Gelatin sponge as a rare and forgotten cause of early-onset neurological deficit post osteotomy of thoracolumbar kyphosis—A case report and review of literature

Didik Librianto, Fachrisal, Ifran Saleh

Research output: Contribution to journalArticlepeer-review

Abstract

Introduction: Neurological deficits complicating the correction of spinal deformity usually occur acutely during surgery or immediately after surgery. Absorbable gelatin sponges have been used to control bleeding and prevent undesired event during and after spinal surgery since more than 50 years ago. However, its potency of osmotic expansion within an enclosed space containing neural tissue can cause compression of the spinal cord. We presented a rare, early-onset postoperative neurological deficit caused by the use of absorbable gelatin sponge. Method: A 27 years old female patient with kyphosis of thoracolumbal vertebrae at the level of Th 10 – L2 presented with neurologic deficit gradually started 24 h after the posterior vertebrae column resection (PVCR), laminectomies, and Smith Peterson (SPO) osteotomy procedure of severe fixed kyphosis correction of deformity in thoracolumbar area. Result: Immediate surgical exploration within 24 h was performed with the duration of surgery of 1 h. Hematoma and retained sponge were found within the site of laminectomy, compressing the spinal cord. After removal of gelatin sponge and its associated hematoma, the neurological function returned to normal at 48 h postoperatively. Conclusion: The use of absorbable gelatin sponge for controlling bleeding and preventing adhesions in spinal surgery has the potency of spinal cord compression due to expansion within the enclosed space, therefore a large piece of absorbable gelatin sponge should be removed once hemostatic control is achieved and small piece, soaked sponge should be used if the sponge is to be left in place, in order to avoid this complication.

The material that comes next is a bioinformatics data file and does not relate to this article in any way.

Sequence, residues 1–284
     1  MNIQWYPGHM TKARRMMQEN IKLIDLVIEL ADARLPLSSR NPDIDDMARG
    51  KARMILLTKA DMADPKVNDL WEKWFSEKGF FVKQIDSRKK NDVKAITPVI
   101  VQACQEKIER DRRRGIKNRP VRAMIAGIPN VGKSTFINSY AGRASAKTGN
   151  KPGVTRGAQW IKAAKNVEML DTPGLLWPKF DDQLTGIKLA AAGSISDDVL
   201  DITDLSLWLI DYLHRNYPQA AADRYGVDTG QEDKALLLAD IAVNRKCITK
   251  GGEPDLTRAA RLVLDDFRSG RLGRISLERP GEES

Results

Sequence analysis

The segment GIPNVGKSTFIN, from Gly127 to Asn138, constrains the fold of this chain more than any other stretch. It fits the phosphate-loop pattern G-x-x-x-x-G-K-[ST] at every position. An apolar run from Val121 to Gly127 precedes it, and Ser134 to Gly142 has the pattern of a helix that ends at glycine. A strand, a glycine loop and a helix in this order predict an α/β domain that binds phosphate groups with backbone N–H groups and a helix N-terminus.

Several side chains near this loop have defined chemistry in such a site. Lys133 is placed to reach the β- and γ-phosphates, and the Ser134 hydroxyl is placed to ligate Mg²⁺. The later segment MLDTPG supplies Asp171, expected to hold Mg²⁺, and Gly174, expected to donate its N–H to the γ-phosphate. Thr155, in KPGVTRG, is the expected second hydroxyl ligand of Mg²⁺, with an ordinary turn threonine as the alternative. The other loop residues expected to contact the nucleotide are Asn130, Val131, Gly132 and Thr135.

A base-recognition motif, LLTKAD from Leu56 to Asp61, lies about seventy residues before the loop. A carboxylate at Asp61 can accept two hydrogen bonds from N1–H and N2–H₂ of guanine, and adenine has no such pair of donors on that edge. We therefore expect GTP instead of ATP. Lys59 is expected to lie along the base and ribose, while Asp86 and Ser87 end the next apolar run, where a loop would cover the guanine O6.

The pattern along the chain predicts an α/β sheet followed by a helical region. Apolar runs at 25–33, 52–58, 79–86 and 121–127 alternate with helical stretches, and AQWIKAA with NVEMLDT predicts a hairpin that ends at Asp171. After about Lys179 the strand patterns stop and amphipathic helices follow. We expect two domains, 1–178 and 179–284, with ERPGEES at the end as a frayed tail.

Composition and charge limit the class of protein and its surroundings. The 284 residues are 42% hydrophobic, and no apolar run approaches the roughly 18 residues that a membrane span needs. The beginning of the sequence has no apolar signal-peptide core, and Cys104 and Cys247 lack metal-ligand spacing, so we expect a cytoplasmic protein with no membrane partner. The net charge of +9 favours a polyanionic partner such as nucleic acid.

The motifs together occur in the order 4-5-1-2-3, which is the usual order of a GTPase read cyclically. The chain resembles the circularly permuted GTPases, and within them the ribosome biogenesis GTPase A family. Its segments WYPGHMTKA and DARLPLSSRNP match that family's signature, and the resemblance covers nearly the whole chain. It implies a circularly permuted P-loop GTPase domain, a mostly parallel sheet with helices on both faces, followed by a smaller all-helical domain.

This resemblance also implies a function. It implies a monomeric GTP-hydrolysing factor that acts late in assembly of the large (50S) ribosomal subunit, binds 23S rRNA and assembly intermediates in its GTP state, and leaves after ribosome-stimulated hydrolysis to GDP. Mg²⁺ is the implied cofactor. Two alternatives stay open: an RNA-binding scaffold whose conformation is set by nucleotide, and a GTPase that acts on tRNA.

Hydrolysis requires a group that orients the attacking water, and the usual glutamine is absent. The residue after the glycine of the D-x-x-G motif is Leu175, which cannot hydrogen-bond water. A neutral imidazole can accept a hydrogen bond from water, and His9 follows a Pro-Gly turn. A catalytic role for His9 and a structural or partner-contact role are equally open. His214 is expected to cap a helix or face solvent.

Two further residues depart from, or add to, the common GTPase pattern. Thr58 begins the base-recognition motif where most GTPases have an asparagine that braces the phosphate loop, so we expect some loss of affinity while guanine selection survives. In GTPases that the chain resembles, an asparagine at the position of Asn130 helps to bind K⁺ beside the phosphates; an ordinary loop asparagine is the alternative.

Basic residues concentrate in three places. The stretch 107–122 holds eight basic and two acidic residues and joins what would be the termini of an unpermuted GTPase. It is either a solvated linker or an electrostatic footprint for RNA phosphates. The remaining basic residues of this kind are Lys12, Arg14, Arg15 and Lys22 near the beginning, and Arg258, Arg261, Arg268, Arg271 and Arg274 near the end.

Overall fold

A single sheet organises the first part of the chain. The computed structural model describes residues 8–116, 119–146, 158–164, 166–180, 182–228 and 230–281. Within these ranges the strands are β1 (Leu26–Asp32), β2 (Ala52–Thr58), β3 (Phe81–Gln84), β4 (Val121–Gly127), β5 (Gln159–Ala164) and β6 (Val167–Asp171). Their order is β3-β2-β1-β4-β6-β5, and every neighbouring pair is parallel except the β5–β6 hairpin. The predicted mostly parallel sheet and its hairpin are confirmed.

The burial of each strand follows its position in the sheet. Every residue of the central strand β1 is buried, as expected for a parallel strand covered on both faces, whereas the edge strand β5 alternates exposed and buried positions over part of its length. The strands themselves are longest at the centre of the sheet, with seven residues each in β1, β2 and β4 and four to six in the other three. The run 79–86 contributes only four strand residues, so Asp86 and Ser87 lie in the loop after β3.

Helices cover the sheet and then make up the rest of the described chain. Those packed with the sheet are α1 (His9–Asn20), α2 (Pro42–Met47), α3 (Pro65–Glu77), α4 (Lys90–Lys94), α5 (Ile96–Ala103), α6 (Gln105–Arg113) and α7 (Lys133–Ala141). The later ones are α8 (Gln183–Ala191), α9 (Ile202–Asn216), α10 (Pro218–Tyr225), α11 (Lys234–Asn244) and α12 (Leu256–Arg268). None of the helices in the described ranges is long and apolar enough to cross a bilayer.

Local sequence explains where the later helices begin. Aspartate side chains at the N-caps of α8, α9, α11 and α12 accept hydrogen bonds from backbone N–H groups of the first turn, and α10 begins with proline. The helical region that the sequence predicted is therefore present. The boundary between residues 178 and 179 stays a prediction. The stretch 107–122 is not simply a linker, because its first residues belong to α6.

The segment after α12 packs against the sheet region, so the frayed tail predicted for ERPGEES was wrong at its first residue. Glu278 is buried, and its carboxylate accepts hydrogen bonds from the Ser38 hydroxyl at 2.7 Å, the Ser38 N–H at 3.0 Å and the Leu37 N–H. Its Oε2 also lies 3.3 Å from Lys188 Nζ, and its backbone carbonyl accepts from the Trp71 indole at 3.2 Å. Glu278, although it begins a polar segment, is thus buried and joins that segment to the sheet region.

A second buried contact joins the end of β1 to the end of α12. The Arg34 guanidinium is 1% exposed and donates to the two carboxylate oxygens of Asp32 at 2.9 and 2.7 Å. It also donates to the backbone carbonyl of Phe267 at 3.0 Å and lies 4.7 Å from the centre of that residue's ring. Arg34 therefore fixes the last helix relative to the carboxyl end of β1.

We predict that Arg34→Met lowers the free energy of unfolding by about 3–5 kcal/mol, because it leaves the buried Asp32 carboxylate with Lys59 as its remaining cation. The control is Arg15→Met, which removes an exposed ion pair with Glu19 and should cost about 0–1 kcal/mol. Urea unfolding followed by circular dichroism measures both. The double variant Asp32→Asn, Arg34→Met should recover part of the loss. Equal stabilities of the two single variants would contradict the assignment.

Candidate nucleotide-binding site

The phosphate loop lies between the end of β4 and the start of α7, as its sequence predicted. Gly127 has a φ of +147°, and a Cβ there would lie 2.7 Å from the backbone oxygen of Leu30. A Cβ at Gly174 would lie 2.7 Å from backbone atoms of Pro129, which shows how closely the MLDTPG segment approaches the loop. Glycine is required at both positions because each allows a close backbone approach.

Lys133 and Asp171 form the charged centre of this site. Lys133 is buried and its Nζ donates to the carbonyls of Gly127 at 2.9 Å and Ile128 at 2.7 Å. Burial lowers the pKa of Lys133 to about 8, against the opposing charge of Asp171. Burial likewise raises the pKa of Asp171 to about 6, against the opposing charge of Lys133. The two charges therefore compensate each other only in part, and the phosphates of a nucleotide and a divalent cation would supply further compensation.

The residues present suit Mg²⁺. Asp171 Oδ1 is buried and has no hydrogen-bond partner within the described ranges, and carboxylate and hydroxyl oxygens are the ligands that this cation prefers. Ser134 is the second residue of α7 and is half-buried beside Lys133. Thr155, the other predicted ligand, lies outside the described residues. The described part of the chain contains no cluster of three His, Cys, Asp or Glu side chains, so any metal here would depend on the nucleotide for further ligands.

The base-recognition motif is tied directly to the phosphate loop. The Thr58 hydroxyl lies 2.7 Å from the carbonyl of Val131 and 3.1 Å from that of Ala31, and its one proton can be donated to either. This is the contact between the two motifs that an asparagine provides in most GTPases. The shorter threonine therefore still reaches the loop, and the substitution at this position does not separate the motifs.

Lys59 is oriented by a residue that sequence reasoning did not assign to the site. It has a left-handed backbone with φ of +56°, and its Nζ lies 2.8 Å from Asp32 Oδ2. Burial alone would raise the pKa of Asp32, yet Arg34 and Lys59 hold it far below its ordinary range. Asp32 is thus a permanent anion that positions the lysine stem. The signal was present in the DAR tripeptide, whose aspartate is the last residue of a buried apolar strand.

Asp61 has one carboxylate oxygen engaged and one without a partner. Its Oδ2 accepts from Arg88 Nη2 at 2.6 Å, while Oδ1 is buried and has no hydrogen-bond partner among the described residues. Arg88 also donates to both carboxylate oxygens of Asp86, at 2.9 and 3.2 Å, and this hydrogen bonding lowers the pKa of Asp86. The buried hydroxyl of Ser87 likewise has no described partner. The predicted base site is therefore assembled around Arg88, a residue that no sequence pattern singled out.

Original languageEnglish
Pages (from-to)497-503
Number of pages7
JournalInternational Journal of Surgery Case Reports
Volume75
DOIs
Publication statusPublished - 2020

Keywords

  • Absorbable gelatin sponge
  • Case report
  • Postoperative neurological deficit
  • Spinal cord compression

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